Video conferencing is likely to become more widely adopted as more consumer devices support it, according to TechRadar’s Austin. “Video conferencing will just continue to get bigger in 2013, especially as devices like the newly launched iPad mini all have front and rear facing cameras,” he says.

5. Social media

The transformation of social media from a personal communication platform to an integral part of a business’s internal and external comms strategy will continue in 2013.

But while the majority of companies are currently using social technologies just to build relationships with their employees, customers and partners, we can look forward to businesses taking this to an entirely new level.

General Electric is a pioneer in this area. As part of its GESh@re strategy the company’s social media platform not only connects people with people, but also socially links people to machines.

If my jet engine could talk to me, what would it say and how can I use that information to improve its performance? This was the question that formed the backbone of the company’s innovative new generation of aircraft engine, known as GEnx, which can post status updates in real time to a social media feed with a full technical lowdown from its flight. By giving GE engineers and the airline service team access to the same social media platform, everybody can easily discuss the jet engine’s status updates and together look for ways to improve its output performance.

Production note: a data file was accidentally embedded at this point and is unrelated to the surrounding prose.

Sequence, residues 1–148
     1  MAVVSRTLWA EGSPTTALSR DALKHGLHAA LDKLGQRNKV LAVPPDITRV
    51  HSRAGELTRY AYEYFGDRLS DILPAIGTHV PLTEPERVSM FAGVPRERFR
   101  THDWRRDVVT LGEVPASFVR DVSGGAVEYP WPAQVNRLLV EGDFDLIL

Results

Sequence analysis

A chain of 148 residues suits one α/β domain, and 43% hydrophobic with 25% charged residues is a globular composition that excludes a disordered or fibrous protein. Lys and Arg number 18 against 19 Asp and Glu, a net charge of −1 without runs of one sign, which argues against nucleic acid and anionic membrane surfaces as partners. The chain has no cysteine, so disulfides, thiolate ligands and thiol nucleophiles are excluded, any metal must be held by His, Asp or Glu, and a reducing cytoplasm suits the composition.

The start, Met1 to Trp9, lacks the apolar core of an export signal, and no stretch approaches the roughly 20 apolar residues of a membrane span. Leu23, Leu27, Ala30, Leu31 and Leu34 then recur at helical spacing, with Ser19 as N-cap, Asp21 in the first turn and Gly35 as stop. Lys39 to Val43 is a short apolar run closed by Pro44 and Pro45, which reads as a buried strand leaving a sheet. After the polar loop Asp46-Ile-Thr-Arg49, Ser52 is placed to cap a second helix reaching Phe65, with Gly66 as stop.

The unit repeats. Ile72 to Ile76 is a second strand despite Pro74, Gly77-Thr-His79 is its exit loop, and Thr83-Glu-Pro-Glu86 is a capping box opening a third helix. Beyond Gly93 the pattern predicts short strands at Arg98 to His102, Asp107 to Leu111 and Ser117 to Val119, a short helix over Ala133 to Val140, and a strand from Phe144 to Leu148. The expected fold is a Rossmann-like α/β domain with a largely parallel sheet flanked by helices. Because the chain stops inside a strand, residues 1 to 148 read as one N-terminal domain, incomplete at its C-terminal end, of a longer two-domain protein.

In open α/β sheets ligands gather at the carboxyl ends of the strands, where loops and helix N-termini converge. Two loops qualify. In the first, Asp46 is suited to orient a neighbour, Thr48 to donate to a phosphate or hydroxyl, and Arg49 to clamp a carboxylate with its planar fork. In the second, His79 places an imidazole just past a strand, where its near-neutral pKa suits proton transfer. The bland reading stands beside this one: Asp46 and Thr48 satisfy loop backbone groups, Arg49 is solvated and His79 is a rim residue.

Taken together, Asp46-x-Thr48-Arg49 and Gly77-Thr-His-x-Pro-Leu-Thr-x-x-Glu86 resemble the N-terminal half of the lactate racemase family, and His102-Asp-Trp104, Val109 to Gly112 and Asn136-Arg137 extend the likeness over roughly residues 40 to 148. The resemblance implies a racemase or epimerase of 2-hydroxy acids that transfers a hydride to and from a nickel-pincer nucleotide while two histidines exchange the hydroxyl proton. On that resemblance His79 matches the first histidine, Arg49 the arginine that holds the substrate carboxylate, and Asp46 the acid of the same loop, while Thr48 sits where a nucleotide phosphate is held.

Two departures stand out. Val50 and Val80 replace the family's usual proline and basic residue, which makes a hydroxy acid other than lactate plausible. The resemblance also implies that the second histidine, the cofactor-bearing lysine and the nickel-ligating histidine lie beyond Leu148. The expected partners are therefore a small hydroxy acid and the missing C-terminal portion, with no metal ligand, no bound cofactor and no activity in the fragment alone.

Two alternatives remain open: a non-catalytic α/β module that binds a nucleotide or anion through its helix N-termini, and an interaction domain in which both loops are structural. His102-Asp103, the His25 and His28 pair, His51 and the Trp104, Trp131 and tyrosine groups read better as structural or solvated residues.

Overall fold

Never before has technology’s role in driving business forward been as important as it is right now. That’s a trend that won’t change anytime soon. In the words of Charlene Begley, Global CIO of General Electric, it is all about “finding new ways to bring value to customers, and connecting the right people with the right information, at the right time, on any device, anywhere in the world”.  

Now, for the first time, cloud, social and mobile technologies are coming together to connect customers, employees and partners in exciting new ways. So let’s raise a glass and welcome in, what could be a very interesting 2013 IT evolution.

Sources:
*Survey to BT Business Panel, October 2012

What do you think will be big in 2013? Leave us a comment below.